Imperial College London

ProfessorPaulLangford

Faculty of MedicineDepartment of Infectious Disease

Professor of Paediatric Infectious Diseases
 
 
 
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Contact

 

+44 (0)20 7594 3359p.langford Website

 
 
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Location

 

236Wright Fleming WingSt Mary's Campus

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Summary

 

Summary

The research in my group focuses on respiratory and/or meningitis-causing pathogens of man, e.g. Neisseria meningitidis, Haemophilus influenzae and Mycobacterium tuberculosis, and animals e.g. Actinobacillus pleuropneumoniae (APP), Haemophilus parasuis, Pasteurella multocida. Dependent on the pathogen, the aims are to improve vaccines, diagnostics, therapeutics and a greater understanding of the basis of bacterial pathogenicity. A major focus of our work is on the pig pathogen APP carried out in collaboration with Professor Andrew Rycroft (Royal Veterinary College London). We have developed high throughput genome wide mutagenesis protocols and screens (based on Transposon Directed Insertion site Sequencing [TraDIS]) to identify APP genes essential for growth in vitro and in vivo, with a view to developing novel antimicrobial and vaccine strategies. The methods developed are applicable to other pathogenic members of the Pasteurellaceae i.e. Aggregatibacter actinomycetemcomitans, H. influenzae, Mannheimia haemolytica, and P. multocida.

In collaboration with Dr Anastasia Callaghan (University of Portsmouth) and Professor Denise Bazzolli (University of Viçosa, Brazil) we are evaluating whether inhibition of sRNAs of APP is a viable control strategy. Other collaborations include that with the UK Animal and Plant Health Agency (APHA) and the Wellcome Trust Sanger Centre, where we have identified in APP (1) plasmid borne dfr14 genes (mediating resistance to trimethoprim), the first description in any member of the Pasteurellaceae; and (2) sequenced plasmids mediating florfenicol resistance and ampicillin. Additionally, in a collaboration involving Drs Ee (National University of Singapore) and Yang (Institute of Bioengineering and Nanotechnology, Singapore), and Drs Sandra Newton and Brian Robertson (Imperial College London), rationally designed antimicrobial peptides are being tested for their efficacy in vitro and in vivo to inhibit M. tuberculosis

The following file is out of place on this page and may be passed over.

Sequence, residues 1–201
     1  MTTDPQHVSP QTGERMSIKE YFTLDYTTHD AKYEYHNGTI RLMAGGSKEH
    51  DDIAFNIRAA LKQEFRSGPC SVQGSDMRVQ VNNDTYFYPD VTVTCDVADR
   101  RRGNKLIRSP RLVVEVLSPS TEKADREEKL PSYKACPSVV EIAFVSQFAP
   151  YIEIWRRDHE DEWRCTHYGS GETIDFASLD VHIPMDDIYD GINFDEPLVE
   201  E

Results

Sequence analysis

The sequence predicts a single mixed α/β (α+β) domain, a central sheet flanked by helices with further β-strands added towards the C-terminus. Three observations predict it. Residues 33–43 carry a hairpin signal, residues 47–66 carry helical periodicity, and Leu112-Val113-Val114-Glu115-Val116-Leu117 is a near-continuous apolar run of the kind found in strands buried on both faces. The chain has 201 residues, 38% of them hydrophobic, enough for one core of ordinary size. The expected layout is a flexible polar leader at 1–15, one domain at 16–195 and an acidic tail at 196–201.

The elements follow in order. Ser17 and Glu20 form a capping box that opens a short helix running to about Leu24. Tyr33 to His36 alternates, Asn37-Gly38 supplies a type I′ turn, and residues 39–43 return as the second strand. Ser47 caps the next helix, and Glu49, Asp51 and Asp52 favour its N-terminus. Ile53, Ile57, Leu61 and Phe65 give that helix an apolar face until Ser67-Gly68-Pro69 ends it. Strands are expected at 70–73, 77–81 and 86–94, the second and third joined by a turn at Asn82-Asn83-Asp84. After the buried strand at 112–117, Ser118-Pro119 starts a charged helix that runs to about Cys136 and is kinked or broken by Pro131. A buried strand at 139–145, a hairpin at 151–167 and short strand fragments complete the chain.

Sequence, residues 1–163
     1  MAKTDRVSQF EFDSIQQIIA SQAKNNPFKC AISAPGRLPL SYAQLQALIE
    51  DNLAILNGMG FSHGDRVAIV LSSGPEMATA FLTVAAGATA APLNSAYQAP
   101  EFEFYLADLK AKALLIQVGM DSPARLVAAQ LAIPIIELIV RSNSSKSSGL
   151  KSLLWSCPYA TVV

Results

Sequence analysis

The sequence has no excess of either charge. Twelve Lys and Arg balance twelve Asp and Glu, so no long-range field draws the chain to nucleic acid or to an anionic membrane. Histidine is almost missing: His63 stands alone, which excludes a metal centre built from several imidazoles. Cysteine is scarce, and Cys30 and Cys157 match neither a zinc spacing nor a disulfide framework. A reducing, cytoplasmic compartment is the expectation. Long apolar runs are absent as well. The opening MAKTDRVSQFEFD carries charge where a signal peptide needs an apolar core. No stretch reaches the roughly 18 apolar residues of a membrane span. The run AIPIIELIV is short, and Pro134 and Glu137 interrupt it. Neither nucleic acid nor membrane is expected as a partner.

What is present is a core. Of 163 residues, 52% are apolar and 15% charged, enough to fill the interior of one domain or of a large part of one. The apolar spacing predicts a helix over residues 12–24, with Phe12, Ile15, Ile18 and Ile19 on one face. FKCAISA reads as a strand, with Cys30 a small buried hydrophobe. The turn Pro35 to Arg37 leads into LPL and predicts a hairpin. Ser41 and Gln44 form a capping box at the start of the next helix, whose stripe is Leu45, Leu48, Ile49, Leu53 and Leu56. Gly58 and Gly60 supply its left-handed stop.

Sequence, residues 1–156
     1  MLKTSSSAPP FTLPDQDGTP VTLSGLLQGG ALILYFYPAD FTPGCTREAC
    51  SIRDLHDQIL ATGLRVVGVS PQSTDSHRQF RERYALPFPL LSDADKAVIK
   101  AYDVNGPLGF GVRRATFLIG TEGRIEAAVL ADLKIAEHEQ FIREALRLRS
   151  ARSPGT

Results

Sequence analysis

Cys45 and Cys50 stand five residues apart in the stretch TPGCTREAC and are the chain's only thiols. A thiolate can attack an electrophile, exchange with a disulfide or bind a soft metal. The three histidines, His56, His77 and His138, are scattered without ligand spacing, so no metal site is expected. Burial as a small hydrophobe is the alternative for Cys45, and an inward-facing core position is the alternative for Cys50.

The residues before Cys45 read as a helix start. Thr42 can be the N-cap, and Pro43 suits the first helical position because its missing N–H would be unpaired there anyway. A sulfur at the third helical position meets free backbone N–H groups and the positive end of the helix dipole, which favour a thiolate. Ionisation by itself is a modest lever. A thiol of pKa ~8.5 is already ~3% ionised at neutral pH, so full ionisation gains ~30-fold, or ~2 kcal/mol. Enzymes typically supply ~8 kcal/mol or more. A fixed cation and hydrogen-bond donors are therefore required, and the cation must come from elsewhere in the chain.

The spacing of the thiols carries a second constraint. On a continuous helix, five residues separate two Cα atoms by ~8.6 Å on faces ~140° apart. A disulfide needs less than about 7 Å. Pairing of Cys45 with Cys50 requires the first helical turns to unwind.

In addition, we are seeking vaccine candidates that will prevent disease caused by Neisseria meningitidis serogroup B infections. Monoclonal antibodies are derived from patients recovering from meningococcal disease, and the proteins recognised on the surface of the bacterium determined.

Publications

Journals

Stringer O, Bosse J, Lacouture S, et al., 2021, Proposal of Actinobacillus pleuropneumoniae serovar 19, and reformulation of previous multiplex PCRs for capsule-specific typing of all known serovars, Veterinary Microbiology, Vol:255, ISSN:0378-1135

Bao C, Liu B, Zhu R, et al., 2021, IFN-γ-/- mice resist Actinobacillus pleuropneumoniae infection by promoting early lung IL-18 release and PMN-I accumulation., Infect Immun

Kaforou M, Gliddon H, Levin M, et al., 2021, Identification of reduced host transcriptomic signatures for tuberculosis disease and digital PCR-based validation and quantification, Frontiers in Immunology-microbial Immunology

Liu H, Lei S, Jia L, et al., 2021, Streptococcus suis serotype 2 enolase interaction with host brain microvascular endothelial cells and RPSA-induced apoptosis lead to loss of BBB integrity, Veterinary Research, Vol:52, ISSN:1994-4659, Pages:30-30

Asai M, Sheehan G, Li Y, et al., 2021, Innate immune responses of Galleria mellonella to Mycobacterium bovis BCG challenge identified using proteomic and molecular approaches, Frontiers in Cellular and Infection Microbiology, Vol:11, ISSN:2235-2988

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